JACKSONVILLE, Fla. – A 34-year-old Jacksonville man was among 46 COVID-19 related deaths across Florida in the last 24 hours, according to data released Thursday morning by the state Department of Health.
The numbers Thursday also showed record increases in coronavirus cases for both Duval and St. Johns counties.
Duval is up to 3,724 confirmed cases of COVID-19, an increase of 305 cases in a single day. St. Johns County’s confirmed cases were up by 51 to a total of 599. It’s important to note that all of the positive tests reported Thursday by the state were not necessarily taken on the same day.
Across the state, Florida has now reported a total of 114,018 cases, up 5,004 from the previous day. The increase came a day after Florida shattered its previous one-day record, with more than 5,500 new positive cases reported on Wednesday.
The Florida data released Thursday marked the eighth day in a row with an increase near or exceeding 3,000 cases.
Florida’s rapidly escalating daily figures continue a trend that began when the state reopened its economy with some restrictions last month. In response, several counties and cities have implemented emergency orders requiring the wearing of masks in public places like stores and are cracking down on businesses that aren’t enforcing social distancing rules.
During a Wednesday news conference near Miami, DeSantis said the state’s spike is being driven by outbreaks in large metropolitan areas, which is why he hasn’t issued a statewide order requiring masks. The Miami, Fort Lauderdale, Palm Beach, Orlando and Tampa areas have seen the most cases.
Still, DeSantis said, every Floridian should avoid large indoor gatherings and wear a mask when in crowded businesses or in close contact with someone outside the home.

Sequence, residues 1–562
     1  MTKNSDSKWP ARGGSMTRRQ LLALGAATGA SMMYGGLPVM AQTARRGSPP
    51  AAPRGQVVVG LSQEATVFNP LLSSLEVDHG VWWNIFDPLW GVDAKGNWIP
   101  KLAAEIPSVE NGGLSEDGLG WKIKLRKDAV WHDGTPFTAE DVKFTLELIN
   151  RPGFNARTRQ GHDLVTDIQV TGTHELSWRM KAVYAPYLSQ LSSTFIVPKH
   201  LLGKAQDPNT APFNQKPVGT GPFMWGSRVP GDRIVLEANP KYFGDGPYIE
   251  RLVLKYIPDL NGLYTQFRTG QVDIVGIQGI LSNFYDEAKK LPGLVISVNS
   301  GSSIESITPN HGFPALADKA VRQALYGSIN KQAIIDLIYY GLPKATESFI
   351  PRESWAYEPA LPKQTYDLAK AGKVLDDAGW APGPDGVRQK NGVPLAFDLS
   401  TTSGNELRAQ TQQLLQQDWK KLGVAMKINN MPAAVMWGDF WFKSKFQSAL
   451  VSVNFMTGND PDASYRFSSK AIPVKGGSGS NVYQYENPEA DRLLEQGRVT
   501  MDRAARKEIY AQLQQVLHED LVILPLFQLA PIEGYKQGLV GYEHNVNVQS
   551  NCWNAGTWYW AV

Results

“Doing some of these simple things will make a big difference,” DeSantis said.
Florida’s Thursday report included 46 additional deaths in the state with two additional deaths in Duval County: the 34-year-old patient whose case was first reported June 22, and a 62-year-old man whose case was first counted by the state on June 16.
Two weeks ago, Florida’s one-day record for confirmed coronavirus cases was 1,601, set in mid-May. That has been exceeded every day since June 12 and the seven-day average for tests coming back positive has tripled from 3.8% on June 1 to 13%.
The state now has more than 109,000 confirmed cases since March 1. There have been 3,281 confirmed deaths from COVID-19, a jump of 43 since Monday. The average daily death toll has held steady in June at about 35, down from 60 in early May.
Demand for testing remains high, with long lines again Thursday at Lot J, the state’s regional testing site that can test up to 750 people each day. Lot J was closed Wednesday due to storm damage to the tents.
After a month of decline, hospital admissions for coronavirus also have been rising, with a daily average of 161 statewide over the past week, a 30% jump over two weeks ago. Still, that is about 25% below the state’s peak in early May.
Hospitalizations statewide increased by 201 to a total of 13,775 since the beginning of March. The state does not release how many of those have recovered. News4Jax has contacted area hospitals about the numbers of COVID patients they are currently treating. Most say they will only turn that information over to the Health Department.
Dr. Leon Haley, CEO at UF Health Jacksonville, said during a press conference Wednesday that the numbers of admissions have doubled over the last week.
“We probably have about 30 patients that are currently under investigation, which means that we suspect they may or may not have it,” Haley said. “And we have seven patients in our ICU right now which is a significant increase over the last week.”
The percent of new COVID-19 tests returning positive statewide was 8.72% -- down from the 15.85% in Wednesday’s report.
State and health officials have said the new cases have skewed younger in recent weeks and have been more likely to be mild or asymptomatic, which has kept the hospitalization and death totals below their peaks.
The Associated Press contributed to this report.
In the interactive chart below, use the legend below to turn on and off the categories of data to show exactly what you want to see.